Zip codes were identified and quantified from Illumina sequencing reads using a custom suite of tools implemented in Python ( First, 2x75 bp paired reads were merged together using flash v1.2.11 [73]. Zip codes were identified by searching for known flanking sequence (with up to 1 mismatch). Only candidate zip codes with a length of 17–23 nucleotides were considered and the read count for each unique zip code was tabulated. To identify the set of zip codes for further analysis, zip code families which account for PCR and sequencing errors were determined by clustering together the observed unique zip codes. Comparisons among zip codes were calculated using a full Needleman-Wunch alignment tabulated with a score of +1 for sequence matches, -1 for mismatches, and a constant gap score of -1. Comparisons with two or fewer mismatches (counting a gap as a mismatch) were accepted as a match. Using this criteria clusters were then identified. First, unique zip codes were sorted by abundance. Then, beginning with the most abundant zip code, each sequence was compared with all of the previous zip codes. If no previous zip code had two or fewer mismatches that zip code was accepted as a cluster and then the next most abundant zip code was considered. This process was continued until the first unique zip code having a match to a more abundant zip code was identified. This defined the set of families for consideration. Abundance for the families was then determined by assigning unique zip codes to the most abundant family whose sequence was within 2 mismatches and summing their associated read counts.

In sorting experiments, the GFP+ proportion for each zip code was determined as Fi = (Gi * P)/ (Gi * P + Wi * Q) where Fi is the GFP+ fraction of zip code i, Gi is the fraction abundance of zip code i in the GFP+ sorted pool, Wi is the fraction abundance of zip code i in the GFP- sorted pool, P is the fraction of cells that sorted into the GFP+ pool and Q is the fraction of cells that sorted into the GFP- pool. In the Jurkat pool 1, the initial GFP+ fraction was 0.524 and the initial GFP- fraction was 0.36. Of the GFP+ sort from pool 1 the GFP+ fraction was 0.887 and the GFP- fraction was 0.079 GFP- while in the GFP- sort from pool 1 the GFP+ fraction was 0.046 and the GFP- fraction was 0.928. In the Jurkat pool 2, the initial GFP+ fraction was 0.518 and the initial GFP- fraction was 0.364. Of the GFP+ sort from pool 2 the GFP+ fraction was 0.915 and the GFP- fraction was 0.082 GFP- while in the GFP- sort from pool 2 the GFP+ fraction was 0.063 and the GFP- fraction was 0.923. For primary cell data analysis, the abundance of each zip codes in the GFP+ and GFP- pools summed, and only those zip codes with summed abundance greater than 0.0001 in both replicates were considered, and a GFP+ fraction of 0.95 and a GFP- fraction of 0.05 were assumed.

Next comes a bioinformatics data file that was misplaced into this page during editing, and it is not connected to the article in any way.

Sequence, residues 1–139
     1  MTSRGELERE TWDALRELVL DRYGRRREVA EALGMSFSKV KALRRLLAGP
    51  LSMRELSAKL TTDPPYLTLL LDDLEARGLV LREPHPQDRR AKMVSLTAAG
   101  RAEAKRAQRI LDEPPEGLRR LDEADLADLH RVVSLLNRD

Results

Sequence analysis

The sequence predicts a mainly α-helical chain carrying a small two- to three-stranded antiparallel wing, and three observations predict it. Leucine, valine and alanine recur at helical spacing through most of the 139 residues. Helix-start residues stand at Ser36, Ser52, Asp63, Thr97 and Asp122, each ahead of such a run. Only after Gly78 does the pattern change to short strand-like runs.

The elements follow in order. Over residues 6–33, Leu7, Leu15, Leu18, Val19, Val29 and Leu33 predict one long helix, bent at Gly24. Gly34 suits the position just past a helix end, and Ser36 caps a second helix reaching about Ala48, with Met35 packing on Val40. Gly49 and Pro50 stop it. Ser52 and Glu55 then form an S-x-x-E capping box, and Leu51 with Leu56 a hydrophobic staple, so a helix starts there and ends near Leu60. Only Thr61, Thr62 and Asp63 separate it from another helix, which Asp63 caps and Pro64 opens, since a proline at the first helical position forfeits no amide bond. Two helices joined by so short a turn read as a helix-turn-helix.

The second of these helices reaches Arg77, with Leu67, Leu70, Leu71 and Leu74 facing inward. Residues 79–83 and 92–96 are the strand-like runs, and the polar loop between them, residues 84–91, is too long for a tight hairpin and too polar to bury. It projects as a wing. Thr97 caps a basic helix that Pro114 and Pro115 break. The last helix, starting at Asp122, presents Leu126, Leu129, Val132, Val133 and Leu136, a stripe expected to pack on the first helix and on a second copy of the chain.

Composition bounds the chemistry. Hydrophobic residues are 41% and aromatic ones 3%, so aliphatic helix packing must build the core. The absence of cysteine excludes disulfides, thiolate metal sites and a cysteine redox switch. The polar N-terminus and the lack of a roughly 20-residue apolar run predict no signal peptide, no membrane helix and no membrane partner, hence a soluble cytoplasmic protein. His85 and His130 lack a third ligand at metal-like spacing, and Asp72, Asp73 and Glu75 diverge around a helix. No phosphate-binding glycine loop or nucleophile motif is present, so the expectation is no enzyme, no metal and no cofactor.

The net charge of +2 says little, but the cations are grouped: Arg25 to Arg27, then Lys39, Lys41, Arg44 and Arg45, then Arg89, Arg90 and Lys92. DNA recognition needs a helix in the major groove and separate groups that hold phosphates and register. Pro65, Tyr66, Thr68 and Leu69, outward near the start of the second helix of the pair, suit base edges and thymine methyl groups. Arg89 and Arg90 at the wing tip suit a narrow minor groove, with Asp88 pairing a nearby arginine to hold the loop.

Analysis of integration sites occurred in two stages. First, read-pairs were analyzed to identify which read derived from the LTR sequence and which from the genomic linker. Zip code sequences were extracted from the LTR-derived read based on matches to flanking sequence in the vector as described above. The linker sequence and LTR sequence flanking the zip code were removed and the extracted zip code sequence was then associated with the remaining portion of each read pair. Second, the trimmed read pairs were aligned to a version of the hg19 genome that included the sequence of the utilized HIV vector using bwa mem version 0.7.15. The resulting alignments were then parsed to identify the shear point (DNA adjacent to where the linker was ligated) and integration point (the DNA location adjacent to the LTR sequence). The zip codes were then assigned to previously identified zip code families, and the number of unique shear points and total reads supporting a integration site for each zip code were tabulated. Only reads with a mapping quality greater than 10 were considered, and sonication breakpoints that appear within 3 nucleotides of one another were considered to represent the same shear point [72]. A greedy algorithm was then used to associate each zip code with a genomic location, to remove minor assignments presumed to be chimeras generated as PCR artifacts. “Greedy strategy” is a term from computer science that refers to an algorithm which solves a multi-part problem by dividing the problem into separate states or pieces and then selecting the outcome that maximizes an indicated criteria at each stage [74]. We assigned zip codes to genome locations based on the number of supporting fragments. First, we assign the zip code with the largest number of fragments to the location supported by the most fragments. Next, other fragments associated with that zip code are removed from consideration. This process is then repeated for the remaining zip code with the largest number of supporting fragments.

Determination of chromatin marks and expressed genes

Gene annotations were determined based on Ensembl release 75. Jurkat gene expression data produced by Encode [75] was used (accession ENCSR000BXX), and genes with TPM counts greater than 5 in both replicated were considered to be expressed. H3K27ac peaks were identified using data from [37] (GSM1697880 and GSM1697882). Chip-seq and control data were aligned to hg19 using bwa mem and peaks were identified using macs2 v 2.1.0 [76] with the—nomodel option. For H3K9me3 peaks, data from [38] (GSM1603227) were aligned to hg19 using bwa mem and processed using macs2 without a control sequence set. For both marks a p value cutoff of 1*10−9 was used.